Ryne Sandberg, now the manager of the Philadelphia Phillies, went on to win a tough Home Run Derby at his home stadium of Wrigley Field in 1990. Five of eight participants were shut out, including Jose Canseco, Ken Griffey Jr. and Cecil Fielder, who hit 51 homers that year — and Sandberg’s paltry three was more than enough for the title.
If such a collectively poor showing had anyone thinking the Home Run Derby had run its course, Cal Ripken Jr. quashed that mindset the following year in Toronto. After hitting only one during the 1985 contest, Ripken belted an unprecedented 12 home runs at SkyDome and doubled Parker’s old Derby record.
What was the difference after six years?
“I wasn’t facing Tom Kelly!” Ripken says, affirming that one’s chances for Derby success often rely on who’s pitching. And beyond the mere hitting of home runs, Ripken would like to see the scope of pre-All-Star Game events broadened to something more like the National Hockey League’s annual SuperSkills contest.
“I’d like to see the fastest guys run around the bases, create things like that,” Ripken says. “What you’re doing is risking injury for all these other things, but the NHL does this. I think there’s value in some sort of skills competition, but the Home Run Derby is a skills competition so I’m happy to see it evolving. They’re modifying it a bit this year, which is good, but everybody wants to see guys lean back and try to hit balls as far as they can.”
Indeed, the new format will pit players against one another in a bracket-style contest, with prolific sluggers in the opening round getting byes into the later stage, perhaps an attempt at avoiding a repeat of 2008, when Hamilton hit 28 home runs in the first round, failed to reach the semifinals and looked like he needed an oxygen mask afterward. And instead of the usual 10 outs, each batter will now get only seven, so perhaps the proceedings will move with a bit more haste than in years’ past.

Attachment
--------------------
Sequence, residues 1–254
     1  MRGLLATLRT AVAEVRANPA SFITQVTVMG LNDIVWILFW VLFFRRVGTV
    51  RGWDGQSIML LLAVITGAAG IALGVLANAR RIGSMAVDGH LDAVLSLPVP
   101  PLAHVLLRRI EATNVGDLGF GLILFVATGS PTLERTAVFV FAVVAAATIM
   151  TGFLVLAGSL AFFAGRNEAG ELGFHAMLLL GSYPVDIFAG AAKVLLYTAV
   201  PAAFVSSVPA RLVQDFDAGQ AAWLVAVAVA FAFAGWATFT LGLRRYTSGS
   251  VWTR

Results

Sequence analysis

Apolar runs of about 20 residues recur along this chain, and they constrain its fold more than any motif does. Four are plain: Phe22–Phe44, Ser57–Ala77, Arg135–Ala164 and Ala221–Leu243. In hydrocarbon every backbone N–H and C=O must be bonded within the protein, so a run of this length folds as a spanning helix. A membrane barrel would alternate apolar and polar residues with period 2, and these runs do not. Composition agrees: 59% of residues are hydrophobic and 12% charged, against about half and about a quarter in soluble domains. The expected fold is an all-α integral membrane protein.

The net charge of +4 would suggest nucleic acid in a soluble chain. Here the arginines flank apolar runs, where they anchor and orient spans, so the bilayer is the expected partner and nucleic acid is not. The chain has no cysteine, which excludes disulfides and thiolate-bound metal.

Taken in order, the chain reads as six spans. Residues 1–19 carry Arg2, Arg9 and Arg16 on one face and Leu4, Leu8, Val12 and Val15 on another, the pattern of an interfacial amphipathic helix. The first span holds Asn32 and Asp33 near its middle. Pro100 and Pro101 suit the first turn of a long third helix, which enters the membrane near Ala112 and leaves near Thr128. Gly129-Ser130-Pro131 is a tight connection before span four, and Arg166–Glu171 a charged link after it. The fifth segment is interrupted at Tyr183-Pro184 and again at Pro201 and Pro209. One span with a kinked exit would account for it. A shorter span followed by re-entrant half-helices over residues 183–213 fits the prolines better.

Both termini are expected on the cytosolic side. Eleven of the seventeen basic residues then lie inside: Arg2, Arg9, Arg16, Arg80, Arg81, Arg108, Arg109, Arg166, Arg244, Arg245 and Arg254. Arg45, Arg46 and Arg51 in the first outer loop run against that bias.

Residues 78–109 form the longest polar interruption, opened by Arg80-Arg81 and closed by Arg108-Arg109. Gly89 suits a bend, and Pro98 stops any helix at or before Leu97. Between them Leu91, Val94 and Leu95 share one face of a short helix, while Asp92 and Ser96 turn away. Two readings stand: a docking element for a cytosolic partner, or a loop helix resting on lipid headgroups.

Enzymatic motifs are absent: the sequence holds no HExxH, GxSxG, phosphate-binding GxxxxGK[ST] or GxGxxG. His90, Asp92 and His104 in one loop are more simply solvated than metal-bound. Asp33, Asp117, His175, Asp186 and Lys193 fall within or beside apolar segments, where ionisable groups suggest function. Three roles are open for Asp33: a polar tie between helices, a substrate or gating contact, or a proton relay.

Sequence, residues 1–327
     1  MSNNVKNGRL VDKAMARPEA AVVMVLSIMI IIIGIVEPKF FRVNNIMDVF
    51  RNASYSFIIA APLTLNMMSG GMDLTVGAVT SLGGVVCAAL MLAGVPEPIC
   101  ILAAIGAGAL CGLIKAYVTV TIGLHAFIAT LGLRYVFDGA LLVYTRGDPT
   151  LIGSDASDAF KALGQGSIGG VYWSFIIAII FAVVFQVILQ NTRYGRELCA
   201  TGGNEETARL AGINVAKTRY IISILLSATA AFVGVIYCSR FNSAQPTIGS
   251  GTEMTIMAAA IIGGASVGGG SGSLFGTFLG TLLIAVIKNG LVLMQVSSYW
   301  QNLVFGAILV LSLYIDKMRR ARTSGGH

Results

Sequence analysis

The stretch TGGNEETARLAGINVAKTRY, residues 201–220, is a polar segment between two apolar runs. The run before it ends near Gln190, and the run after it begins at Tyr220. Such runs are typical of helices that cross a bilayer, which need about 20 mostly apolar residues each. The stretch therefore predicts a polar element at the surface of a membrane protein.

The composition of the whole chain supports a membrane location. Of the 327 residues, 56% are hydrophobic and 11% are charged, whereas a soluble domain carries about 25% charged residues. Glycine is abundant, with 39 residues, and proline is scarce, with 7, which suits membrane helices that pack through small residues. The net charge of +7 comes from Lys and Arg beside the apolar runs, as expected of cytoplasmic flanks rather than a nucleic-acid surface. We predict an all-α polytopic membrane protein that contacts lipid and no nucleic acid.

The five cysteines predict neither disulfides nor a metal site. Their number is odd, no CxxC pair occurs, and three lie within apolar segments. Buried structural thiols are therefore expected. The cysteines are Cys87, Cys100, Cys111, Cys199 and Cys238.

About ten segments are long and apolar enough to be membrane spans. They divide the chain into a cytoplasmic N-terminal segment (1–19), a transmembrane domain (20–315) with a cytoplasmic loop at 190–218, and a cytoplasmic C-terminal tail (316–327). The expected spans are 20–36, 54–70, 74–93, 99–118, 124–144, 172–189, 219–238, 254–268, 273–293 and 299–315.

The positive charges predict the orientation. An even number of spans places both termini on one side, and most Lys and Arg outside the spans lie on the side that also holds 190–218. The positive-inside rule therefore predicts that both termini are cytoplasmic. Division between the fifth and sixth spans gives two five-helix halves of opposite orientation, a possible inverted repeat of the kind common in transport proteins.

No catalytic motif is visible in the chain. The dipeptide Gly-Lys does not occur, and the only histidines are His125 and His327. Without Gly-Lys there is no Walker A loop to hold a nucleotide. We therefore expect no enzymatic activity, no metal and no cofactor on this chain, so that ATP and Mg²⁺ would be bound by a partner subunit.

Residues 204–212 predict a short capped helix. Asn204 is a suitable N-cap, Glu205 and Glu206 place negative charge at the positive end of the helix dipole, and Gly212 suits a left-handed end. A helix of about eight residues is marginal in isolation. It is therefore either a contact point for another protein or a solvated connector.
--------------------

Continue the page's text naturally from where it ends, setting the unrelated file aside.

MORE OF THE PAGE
Ripken will be at this year’s Home Run Derby, but Moe, now 47, married with two kids, and still living in St. Cloud, where he works for the Benton County planning and zoning divisions, is going to sit this one out. It’s just not the same now that the Twins are back playing in an open-air stadium such as Target Field. But he’ll watch from home, maybe give a glance at the ball that his teammate saved for him after Moe pulled it back from over the wall and absent-mindedly threw it back to the infield, as he had a thousand times before in practice. This ball that made him a fleeting hero among Minnesotans still carries the red All-Star Game logo, though his son, Nathan, found it a few years back and now it’s dirty with grass stains and more than a little smudged. He’ll watch and remember what it was like to spend his final day of high school baseball roaming the Metrodome center field as if it were his own.
And maybe Moe will realize how no one in the history of the Home Run Derby can ever top his own experience. He would certainly welcome anyone to try, and at least now the entire baseball world can watch.